“The J. Brent Loy Innovator of the Year Award honors UNH faculty or staff who have demonstrated exemplary innovation and successfully translated their ideas into social and economic impact,” says Marc Eichenberger, interim managing director of UNHInnovation. “I can’t think of better examples, especially during these past two years, than UNH’s extraordinary COVID testing program and Nature Groupie.”

Thomas, who is a professor of molecular, cellular and biomedical studies and the COVID lab’s scientific director, played an integral role in designing and launching UNH’s state-of-the-art testing lab in the absence of established infrastructure such as a medical or veterinary school or even a CLIA (Clinical Laboratory Improvement Amendments) lab already on campus. In spring of 2021, under his leadership, the university started genomic sequencing of the SARS-CoV-2 virus, helping prepare for future variant outbreaks.

Dean serves as co-chair of UNH’s Testing and Tracing Team, the task force responsible for launching the lab, and as co-director of the COVID Incident Response Team. He was instrumental in developing the campus testing and tracing strategy, including the innovative self-swabbing protocols and collection logistics.

“Paul and Kelley’s innovation, ingenuity and commitment to the health and safety of the UNH community is inspirational and they are both incredibly deserving of this honor,” says Marian McCord, senior vice provost for research, economic engagement and outreach. “The university is grateful for their expertise and leadership.”

UNH Extension’s Malin Clyde, community volunteer state specialist, and Haley Andreozzi, wildlife conservation state specialist, are the 2021 Innovators of the Year as the driving force behind Nature Groupie, one of several successful mission-driven not-for-profit UNH spinouts.

Nature Groupie logo with sweatshirt, tshirt, and tin mug merchandise on table

Nature Groupie, which began in 2013 as a collaboration between UNH Extension and The Stewardship Network in the Great Lakes region, links outdoor enthusiasts with volunteer opportunities at places they love by sharing events that help forests, coastal ecosystems, communities and wildlife. Since that time, more than 5,000 volunteers have connected with 200-plus environmental groups through to clean rivers, restore wildlife habitats, maintain trails, plant trees and do environmental research in New England.

A true spinout inspired by market need, Nature Groupie leveraged resources of UNHInnovation to participate in its I-Corps training and pursue trademarking. A Kickstarter campaign raised initial funding for the launch of Nature Groupie, and online sales of apparel branded with their playful, energetic logo help sustain the business.

Established in 2011, UNHInnovation’s Innovator of the Year award is named after the late J. Brent Loy, plant geneticist, inaugural recipient of the award and by far UNH’s most prolific innovator. He developed more than 80 new varieties of squash, pumpkins, gourds and melons during his career, representing the longest squash and pumpkin breeding program in North America. His seed varieties, sold in seed catalogs throughout New England and the world, have created more revenue for UNH than any other faculty-generated intellectual asset.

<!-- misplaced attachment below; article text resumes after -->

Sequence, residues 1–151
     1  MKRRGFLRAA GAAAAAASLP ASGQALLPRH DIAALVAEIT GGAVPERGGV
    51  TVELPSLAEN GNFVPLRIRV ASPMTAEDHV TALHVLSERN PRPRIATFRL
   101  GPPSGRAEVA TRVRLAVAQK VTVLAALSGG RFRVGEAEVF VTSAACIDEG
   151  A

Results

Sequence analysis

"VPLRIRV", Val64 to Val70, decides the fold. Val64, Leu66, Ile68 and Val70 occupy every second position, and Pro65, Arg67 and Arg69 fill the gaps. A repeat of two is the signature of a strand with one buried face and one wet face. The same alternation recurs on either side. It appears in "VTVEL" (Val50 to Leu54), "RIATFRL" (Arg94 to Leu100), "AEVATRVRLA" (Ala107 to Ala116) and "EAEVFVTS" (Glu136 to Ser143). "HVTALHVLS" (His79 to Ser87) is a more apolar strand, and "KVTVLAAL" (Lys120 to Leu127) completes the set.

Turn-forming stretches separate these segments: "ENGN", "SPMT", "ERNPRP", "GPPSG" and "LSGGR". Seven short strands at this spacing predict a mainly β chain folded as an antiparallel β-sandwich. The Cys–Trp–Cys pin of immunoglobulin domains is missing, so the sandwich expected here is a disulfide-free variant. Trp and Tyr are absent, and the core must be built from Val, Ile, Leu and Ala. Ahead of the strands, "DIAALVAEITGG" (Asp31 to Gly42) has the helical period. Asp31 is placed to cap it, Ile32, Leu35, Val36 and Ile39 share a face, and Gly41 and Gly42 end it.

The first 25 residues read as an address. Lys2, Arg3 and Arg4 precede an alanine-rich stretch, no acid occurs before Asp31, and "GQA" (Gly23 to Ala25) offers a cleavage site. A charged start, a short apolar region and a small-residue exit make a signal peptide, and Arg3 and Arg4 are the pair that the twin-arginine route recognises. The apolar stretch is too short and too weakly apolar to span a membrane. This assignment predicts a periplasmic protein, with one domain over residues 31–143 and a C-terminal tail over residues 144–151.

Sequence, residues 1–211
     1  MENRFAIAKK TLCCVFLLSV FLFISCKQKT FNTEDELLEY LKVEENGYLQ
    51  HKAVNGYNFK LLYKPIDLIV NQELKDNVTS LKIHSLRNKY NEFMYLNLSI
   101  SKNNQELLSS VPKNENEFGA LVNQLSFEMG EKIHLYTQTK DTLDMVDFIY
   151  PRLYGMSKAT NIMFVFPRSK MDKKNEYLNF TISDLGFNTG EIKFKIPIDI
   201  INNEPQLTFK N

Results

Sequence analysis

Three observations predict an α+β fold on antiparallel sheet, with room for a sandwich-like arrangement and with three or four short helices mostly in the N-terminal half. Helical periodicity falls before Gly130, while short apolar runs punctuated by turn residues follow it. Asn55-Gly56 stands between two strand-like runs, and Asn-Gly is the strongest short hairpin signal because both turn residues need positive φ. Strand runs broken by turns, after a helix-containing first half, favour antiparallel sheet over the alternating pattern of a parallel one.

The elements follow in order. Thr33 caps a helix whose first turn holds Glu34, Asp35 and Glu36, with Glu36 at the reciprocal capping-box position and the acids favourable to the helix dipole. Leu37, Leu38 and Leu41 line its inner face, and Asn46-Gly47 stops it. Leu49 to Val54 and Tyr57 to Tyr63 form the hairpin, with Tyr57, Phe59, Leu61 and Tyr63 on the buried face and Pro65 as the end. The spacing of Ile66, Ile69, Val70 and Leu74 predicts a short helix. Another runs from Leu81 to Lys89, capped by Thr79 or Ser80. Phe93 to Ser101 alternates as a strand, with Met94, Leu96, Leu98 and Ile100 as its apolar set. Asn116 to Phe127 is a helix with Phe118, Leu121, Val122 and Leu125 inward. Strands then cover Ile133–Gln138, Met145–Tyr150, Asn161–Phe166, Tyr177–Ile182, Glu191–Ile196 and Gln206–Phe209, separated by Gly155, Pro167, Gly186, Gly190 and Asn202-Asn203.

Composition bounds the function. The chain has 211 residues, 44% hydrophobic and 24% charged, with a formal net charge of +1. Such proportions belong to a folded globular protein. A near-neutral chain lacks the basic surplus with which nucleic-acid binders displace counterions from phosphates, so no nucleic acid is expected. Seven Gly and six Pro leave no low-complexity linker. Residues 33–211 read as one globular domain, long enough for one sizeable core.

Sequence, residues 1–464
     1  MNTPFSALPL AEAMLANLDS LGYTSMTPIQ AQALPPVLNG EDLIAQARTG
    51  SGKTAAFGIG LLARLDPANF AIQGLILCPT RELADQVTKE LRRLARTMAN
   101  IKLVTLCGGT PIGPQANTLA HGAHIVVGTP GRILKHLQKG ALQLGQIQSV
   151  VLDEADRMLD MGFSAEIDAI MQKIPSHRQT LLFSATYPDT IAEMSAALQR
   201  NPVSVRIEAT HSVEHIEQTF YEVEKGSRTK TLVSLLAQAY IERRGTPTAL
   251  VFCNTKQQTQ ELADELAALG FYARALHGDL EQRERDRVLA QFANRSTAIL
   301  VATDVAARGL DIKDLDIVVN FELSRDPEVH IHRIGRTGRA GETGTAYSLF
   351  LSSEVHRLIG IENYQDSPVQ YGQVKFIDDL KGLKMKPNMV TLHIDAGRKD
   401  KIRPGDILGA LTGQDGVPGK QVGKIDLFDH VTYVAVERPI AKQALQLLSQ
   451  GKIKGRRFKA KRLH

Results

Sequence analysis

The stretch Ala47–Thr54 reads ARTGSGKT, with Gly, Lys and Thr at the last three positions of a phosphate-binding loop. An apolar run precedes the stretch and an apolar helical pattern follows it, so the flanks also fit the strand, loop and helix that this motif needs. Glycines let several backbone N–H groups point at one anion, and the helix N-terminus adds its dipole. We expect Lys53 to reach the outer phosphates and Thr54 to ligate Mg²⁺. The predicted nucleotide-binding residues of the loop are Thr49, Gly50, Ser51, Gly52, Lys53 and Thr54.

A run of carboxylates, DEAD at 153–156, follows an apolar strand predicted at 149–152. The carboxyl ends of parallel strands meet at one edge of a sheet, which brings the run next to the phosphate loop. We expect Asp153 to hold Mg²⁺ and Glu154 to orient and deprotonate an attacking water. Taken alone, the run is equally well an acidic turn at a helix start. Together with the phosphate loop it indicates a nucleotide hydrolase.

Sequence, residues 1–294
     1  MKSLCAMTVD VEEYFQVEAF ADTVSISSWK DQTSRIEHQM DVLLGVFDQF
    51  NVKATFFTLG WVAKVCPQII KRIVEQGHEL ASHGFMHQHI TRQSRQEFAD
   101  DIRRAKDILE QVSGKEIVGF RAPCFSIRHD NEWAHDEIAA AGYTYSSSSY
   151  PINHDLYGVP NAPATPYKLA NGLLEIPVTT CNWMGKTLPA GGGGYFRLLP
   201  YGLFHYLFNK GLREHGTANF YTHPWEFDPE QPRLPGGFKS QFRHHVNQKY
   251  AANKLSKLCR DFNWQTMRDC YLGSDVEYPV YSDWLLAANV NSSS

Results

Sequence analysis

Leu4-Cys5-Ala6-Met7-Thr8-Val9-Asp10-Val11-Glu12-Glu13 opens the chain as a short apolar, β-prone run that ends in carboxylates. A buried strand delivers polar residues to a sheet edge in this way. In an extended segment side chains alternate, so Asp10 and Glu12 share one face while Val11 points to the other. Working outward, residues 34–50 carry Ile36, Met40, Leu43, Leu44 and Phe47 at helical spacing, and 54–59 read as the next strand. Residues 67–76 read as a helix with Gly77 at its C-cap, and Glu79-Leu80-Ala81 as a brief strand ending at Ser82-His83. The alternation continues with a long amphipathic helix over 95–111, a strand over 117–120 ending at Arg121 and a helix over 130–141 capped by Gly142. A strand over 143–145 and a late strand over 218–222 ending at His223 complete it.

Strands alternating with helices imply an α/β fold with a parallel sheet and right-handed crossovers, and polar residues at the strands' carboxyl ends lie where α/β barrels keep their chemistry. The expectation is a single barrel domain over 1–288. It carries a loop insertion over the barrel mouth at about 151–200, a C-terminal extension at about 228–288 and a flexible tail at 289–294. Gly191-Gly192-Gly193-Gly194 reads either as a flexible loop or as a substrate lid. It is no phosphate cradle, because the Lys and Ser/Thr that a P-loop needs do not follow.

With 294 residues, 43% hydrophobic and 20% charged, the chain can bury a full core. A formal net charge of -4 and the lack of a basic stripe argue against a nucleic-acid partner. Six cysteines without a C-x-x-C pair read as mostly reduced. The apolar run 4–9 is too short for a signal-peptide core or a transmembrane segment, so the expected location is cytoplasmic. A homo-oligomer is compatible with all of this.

Written By: Beth Potier | Communications and Public Affairs

2019 Innovators of the Year

Jennifer (Jenn) Andrews and Allison (Alley) Leach, Ph.D


University of New Hampshire Innovators of the Year 2019


2019’s J. Brent Loy Innovator of the Year Award recipients are Jennifer (Jenn) Andrews and Allison (Alley) Leach, Ph.D. for their roles in developing and commercializing SIMAP (Sustainability Indicator Management and Analysis Platform). SIMAP is a comprehensive, valuable online tool that colleges and universities can use to measure, calculate, and report carbon and nitrogen footprints. The mission of SIMAP is to help campuses track their footprints so they can meet their sustainability goals as effectively and efficiently as possible. There are currently over 500 institutions that are using SIMAP to calculate, track, and reduce their negative impact on the environment.

Jenn and Alley recently participated in the UNH I-Corps program, which helped them position SIMAP as an innovation that can also drive student and community engagement in sustainability awareness on campuses. Using their data from I-Corps, they are exploring new business models that will enable greater adoption of SIMAP and new features to help drive lower-emissions on campuses and create a financially sustainable future for SIMAP as a leader in carbon and nitrogen tracking and analysis.

Jenn is a sustainability project director at the UNH Sustainability Institute (UNHSI). She comes to UNHSI from Clean Air-Cool Planet, where she worked for 13 years promoting practical climate solutions for colleges and universities as well as municipalities and businesses. During her tenure there, she helped to launch, oversee, and continually develop the Campus Carbon Calculator, which is now the carbon calculator component of SIMAP. She holds a B.A. in English and an M.A. in Mental Health, both from UNH.